Yes, dear student, you were. Everyone who can read the syllabus knows that. You know who can’t read the syllabus?
In elementary school, you have the dream that the teacher doesn’t know your name. In middle school, you enter a nightmare world where you show up to school with raging acne and everyone knows but you. In high school, the nightmare matures as much as you have and involves having a final exam in a class you never attended.
As an instructor, it becomes far more sinister… showing up for a class without lecture notes, or having not prepped for the day at all, or being forced to teach organic chemistry when you normally teach Latin American poetry.
I think I experienced all three. Well, at least the first two.
I lay out my syllabi as user-friendly as I possibly can, hoping that no one is lost because they can’t figure out what I’ve assigned. Here’s a screencap of today’s assignment:
Pretty straight forward. Chapter 5 is Augustine. The week is entitled Augustine.
I remember as I prepped today’s lecture that I was surprised that I’d cut Augustine, Luther, and Calvin out of my syllabus. I’m a religion instructor, too. My areas of focus in my Ph.D. are political and cultural theory. I know that this is a massive hole, and yet I shrugged it off and went with it.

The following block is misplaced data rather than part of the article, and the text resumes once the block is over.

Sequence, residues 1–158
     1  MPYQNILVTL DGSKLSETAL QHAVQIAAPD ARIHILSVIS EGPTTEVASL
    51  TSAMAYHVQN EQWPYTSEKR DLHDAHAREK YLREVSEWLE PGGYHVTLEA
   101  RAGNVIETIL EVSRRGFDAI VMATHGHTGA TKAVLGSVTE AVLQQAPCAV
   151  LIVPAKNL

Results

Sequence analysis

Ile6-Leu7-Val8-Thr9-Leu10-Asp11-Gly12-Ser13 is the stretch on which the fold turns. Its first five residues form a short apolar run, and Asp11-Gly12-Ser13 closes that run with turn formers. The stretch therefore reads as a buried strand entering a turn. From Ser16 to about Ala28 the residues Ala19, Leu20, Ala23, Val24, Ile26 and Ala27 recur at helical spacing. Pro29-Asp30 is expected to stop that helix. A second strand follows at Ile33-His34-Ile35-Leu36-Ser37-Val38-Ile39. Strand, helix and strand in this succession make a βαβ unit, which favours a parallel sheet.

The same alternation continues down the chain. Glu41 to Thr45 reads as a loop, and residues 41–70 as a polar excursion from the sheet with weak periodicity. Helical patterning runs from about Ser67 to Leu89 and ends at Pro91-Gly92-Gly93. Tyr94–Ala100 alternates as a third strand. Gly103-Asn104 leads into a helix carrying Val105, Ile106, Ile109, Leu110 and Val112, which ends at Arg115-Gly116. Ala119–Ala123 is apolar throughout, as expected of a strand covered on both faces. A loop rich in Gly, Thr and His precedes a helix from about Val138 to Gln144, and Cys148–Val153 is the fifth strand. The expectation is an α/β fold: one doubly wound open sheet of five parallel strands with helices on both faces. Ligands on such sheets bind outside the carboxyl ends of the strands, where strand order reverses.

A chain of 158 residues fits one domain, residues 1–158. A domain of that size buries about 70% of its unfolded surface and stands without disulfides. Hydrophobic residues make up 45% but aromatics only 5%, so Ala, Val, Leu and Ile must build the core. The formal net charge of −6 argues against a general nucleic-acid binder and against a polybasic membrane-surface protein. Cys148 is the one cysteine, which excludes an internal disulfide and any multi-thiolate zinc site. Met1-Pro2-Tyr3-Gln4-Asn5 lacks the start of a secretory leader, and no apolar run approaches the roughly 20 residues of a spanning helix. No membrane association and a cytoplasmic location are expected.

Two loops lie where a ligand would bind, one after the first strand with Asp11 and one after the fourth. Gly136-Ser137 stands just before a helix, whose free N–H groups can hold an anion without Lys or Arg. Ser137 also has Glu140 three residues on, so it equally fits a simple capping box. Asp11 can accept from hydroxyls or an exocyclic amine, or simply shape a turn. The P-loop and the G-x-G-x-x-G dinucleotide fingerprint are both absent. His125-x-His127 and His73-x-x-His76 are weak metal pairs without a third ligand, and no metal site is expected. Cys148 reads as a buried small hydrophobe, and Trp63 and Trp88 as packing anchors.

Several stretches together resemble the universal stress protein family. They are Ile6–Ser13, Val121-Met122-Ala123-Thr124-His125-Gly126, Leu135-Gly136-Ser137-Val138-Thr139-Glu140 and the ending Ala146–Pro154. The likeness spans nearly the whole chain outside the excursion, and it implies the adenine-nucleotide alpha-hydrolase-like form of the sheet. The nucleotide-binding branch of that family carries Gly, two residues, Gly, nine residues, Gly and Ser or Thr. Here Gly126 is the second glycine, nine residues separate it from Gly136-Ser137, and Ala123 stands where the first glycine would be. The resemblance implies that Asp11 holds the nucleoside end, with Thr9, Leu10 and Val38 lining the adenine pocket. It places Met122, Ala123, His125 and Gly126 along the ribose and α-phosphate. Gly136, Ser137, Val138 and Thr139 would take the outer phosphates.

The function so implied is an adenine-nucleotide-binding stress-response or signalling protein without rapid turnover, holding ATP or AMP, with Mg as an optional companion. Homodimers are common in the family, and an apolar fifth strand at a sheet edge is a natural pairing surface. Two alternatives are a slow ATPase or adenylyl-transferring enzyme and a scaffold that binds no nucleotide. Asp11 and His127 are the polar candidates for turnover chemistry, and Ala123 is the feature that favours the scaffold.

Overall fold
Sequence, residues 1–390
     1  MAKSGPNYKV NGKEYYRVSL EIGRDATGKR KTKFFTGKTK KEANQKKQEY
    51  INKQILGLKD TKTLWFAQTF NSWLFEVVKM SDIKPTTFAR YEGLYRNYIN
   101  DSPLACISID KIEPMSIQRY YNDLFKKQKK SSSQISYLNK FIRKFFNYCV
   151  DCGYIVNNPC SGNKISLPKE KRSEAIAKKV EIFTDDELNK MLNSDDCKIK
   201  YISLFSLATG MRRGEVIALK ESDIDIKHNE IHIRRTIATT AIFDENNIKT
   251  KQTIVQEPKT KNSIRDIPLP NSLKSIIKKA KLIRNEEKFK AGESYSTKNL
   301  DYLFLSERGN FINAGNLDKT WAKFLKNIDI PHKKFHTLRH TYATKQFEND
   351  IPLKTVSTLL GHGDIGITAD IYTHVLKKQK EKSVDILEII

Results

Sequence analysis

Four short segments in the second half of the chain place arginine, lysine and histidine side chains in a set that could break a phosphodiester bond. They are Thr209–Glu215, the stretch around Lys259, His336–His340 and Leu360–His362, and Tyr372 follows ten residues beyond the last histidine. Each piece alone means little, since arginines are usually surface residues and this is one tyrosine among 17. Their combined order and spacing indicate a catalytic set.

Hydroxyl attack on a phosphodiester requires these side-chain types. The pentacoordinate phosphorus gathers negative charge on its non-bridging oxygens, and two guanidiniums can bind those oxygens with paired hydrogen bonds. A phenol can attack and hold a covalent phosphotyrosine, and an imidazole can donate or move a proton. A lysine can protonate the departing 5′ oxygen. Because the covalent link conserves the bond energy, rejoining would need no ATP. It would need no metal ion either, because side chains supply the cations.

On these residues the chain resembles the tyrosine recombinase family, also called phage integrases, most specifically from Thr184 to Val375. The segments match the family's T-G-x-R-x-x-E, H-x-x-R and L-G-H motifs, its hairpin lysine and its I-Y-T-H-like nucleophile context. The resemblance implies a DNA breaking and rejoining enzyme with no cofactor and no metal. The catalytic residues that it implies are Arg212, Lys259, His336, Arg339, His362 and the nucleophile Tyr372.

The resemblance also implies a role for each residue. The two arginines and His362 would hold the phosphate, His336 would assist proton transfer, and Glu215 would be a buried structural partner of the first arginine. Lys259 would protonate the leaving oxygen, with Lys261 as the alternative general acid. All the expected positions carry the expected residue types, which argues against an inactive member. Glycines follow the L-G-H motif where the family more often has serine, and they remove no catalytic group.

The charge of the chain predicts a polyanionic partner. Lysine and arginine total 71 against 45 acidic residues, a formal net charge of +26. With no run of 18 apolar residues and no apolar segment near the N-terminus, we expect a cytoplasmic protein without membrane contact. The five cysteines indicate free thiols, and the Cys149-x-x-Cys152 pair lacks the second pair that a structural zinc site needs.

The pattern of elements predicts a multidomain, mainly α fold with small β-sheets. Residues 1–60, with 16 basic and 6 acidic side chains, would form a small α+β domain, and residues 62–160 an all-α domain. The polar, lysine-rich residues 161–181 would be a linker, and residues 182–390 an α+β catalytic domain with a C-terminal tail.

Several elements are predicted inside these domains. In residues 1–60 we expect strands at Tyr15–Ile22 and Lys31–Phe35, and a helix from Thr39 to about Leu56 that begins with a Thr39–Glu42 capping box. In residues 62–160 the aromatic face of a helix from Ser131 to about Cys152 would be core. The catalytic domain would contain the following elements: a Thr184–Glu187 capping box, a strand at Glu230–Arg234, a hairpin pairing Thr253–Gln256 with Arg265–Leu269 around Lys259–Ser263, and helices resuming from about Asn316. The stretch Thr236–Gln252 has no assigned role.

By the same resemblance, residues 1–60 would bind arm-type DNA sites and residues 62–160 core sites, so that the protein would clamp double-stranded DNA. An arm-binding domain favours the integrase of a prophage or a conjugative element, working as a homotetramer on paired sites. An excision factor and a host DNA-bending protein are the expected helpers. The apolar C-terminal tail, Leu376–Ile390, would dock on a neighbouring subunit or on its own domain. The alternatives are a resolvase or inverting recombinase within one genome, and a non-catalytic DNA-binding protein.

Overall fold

One brave student came up and asked me to clarify why I was having them do groupwork on Machiavelli. Weren’t we supposed to read Augustine?
I’m pretty sure I looked like this for the next five minutes:
If this had happened seven years ago, when I first taught my own class at the too-young age of 21, I probably would have spazzed, found a quick video to throw in, or just cancelled class. Or tried to BS something. Or quite possibly thrown up.
Instead, I paused, realizing that I had taught Augustine et al in multiple classes. I’ve read the Confessions in their entirety. I’ve lectured on Paul Tillich’s lectures on this topic, and I had PowerPoints on all the material.
So instead of wigging (other than that glorious face above), I asked them to just talk amongst themselves and created a Franken-PowerPoint out of several others. I reviewed the notes I had from previous semesters, and I jumped right in. All-in-all, the hiccup took about fifteen minutes.
Was it my smoothest lecture? Absolutely not. But our class discussion was really solid, and for that I’m pleased. It’s nice to know that 7+ years into teaching, I really do know the introductory material well. Plus, now I don’t have to prep anything for next week (I’ve never been so excited to teach Machiavelli). And, I tell everyone about it, so that’s pretty cool.
As for time management, let’s just choose to not talk about that hour of office hours I spent writing this entry…